When I proudly returned to The University of Oklahoma, eight years ago, I had little idea of what to expect and even less of how to make an impact.  Every industry, much less individual organization, has norms based on commonly held values and experiences, and having come from the private sector with no previous experience working in academia, I fully knew this would take time to learn; a reminder I was given on my “first” day, March 3rd, 2014, when my new boss called me the night before to inform me not to come to the office the next day, the University was closed for a “Snow Day”, my first since high school.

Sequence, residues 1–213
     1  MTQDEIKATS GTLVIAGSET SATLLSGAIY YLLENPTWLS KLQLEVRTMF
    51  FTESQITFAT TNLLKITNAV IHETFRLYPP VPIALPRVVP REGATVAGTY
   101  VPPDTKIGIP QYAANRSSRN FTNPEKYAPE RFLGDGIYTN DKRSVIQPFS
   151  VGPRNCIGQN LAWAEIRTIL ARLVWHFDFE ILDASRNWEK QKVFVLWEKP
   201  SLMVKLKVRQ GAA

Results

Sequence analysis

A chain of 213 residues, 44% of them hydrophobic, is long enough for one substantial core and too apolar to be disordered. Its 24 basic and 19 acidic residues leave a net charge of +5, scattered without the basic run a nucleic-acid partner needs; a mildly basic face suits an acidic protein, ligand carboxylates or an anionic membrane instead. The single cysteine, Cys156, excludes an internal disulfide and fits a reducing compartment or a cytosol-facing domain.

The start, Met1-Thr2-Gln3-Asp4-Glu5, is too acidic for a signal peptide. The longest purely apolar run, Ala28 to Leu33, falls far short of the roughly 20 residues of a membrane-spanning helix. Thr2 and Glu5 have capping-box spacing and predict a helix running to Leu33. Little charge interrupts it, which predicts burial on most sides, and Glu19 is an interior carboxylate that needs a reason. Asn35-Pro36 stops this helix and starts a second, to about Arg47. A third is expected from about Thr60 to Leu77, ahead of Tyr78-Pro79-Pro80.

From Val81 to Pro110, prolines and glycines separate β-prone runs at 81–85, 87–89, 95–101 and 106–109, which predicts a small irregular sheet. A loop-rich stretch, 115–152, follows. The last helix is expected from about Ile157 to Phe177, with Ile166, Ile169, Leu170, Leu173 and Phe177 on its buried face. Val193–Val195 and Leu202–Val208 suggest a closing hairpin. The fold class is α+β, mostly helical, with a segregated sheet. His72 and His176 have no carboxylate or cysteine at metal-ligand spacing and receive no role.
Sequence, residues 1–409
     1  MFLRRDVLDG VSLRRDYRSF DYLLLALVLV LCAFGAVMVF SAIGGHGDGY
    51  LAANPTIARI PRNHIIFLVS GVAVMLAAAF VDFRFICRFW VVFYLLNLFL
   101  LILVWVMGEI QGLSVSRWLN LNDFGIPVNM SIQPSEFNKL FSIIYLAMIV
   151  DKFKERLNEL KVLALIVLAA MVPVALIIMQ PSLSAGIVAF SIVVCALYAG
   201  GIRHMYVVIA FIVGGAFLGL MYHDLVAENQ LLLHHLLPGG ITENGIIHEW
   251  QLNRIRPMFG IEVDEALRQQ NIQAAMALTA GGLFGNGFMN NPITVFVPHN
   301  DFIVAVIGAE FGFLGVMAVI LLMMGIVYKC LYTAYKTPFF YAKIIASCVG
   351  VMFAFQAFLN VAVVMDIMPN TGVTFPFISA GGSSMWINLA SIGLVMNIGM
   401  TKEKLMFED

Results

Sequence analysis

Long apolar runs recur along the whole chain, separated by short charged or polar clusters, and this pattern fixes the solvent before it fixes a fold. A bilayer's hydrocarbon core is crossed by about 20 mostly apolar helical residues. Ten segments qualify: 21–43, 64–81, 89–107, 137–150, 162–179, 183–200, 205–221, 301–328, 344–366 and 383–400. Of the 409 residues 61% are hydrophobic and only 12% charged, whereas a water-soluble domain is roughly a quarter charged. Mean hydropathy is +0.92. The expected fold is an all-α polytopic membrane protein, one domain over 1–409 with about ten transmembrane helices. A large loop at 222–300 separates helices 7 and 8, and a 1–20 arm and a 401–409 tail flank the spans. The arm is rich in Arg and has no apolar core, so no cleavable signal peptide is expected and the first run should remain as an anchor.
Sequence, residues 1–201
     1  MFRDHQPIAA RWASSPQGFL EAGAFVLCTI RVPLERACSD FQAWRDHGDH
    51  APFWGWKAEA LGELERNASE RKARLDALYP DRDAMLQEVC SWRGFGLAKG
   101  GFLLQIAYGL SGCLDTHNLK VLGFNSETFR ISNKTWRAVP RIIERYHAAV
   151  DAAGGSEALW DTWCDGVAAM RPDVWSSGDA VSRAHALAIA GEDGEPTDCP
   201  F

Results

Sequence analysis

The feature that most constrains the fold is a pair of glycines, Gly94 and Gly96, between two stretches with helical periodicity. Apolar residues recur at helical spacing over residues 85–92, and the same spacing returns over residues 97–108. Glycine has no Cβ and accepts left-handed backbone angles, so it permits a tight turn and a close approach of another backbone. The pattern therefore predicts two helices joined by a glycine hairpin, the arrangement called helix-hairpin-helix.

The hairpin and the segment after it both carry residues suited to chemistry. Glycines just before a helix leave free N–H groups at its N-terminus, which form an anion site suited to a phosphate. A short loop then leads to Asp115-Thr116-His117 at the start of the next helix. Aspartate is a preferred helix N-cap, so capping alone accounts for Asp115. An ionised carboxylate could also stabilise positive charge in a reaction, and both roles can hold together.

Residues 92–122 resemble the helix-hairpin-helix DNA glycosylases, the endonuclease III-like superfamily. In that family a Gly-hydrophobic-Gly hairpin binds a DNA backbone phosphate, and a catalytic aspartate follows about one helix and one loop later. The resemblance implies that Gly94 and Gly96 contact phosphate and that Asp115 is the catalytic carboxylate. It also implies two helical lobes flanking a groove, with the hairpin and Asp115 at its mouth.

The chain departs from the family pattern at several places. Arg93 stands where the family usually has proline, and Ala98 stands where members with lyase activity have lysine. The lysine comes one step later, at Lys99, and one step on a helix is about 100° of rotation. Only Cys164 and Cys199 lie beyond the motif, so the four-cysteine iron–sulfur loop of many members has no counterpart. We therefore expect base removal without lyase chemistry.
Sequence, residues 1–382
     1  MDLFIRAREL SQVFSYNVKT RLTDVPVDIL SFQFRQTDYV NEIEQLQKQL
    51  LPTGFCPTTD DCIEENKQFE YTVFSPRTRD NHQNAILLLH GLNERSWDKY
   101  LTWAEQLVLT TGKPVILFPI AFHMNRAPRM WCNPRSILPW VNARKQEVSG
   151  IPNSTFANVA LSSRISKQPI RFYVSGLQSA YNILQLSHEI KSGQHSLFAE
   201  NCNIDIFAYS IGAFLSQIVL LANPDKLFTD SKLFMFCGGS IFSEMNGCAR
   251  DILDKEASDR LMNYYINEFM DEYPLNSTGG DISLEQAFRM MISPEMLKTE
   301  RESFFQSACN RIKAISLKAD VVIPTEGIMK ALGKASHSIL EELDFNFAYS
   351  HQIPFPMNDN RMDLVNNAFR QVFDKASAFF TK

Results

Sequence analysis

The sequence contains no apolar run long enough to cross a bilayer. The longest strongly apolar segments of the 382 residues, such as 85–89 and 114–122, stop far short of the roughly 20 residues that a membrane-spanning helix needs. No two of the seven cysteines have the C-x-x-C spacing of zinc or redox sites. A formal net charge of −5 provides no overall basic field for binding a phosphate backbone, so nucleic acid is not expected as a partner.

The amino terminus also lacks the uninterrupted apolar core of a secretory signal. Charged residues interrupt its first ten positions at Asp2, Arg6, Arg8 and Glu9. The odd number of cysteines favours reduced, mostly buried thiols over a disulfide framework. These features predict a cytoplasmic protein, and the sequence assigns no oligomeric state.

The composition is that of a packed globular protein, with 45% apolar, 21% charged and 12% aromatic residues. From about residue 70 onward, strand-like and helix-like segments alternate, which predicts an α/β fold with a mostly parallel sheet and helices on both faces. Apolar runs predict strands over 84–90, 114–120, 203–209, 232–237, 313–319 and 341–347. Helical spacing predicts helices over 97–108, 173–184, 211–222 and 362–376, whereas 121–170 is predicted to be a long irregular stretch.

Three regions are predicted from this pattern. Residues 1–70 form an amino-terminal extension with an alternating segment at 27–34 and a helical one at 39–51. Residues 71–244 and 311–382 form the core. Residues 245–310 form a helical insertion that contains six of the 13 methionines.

That didn’t mean there weren’t plenty of people, on both sides, who were willing to tell me how the two cultures differed, but after listening to a few and ignoring a lot, it seemed to come down to two main points, time and money, it always does.  Often corporations work on timescales built around artificial deadlines, such as the next quarter’s profits.  While this focus has benefits, it often means sacrificing long term strategy and goals for the sake of immediate returns.  This can become particularly dangerous when it comes to solving big problems with disruptive solutions, a reason startup companies are often responsible for the next generation products rather than the established market leaders.  Universities, while perceived as slower, have in fact found mechanisms to nurture creativity and big broad thinking; however, this can come at a cost, literally.  Learning and trying new things means failure is expected, and with failure comes financial costs which may not be recouped.  Companies on the other hand are typically extremely efficient at growing sources of profit and eliminating sources of undue cost.  What it seemed to boil down to was that the two groups saw value as derived from two different sources, Universities’ – Knowledge and Companies’ – Financial Returns.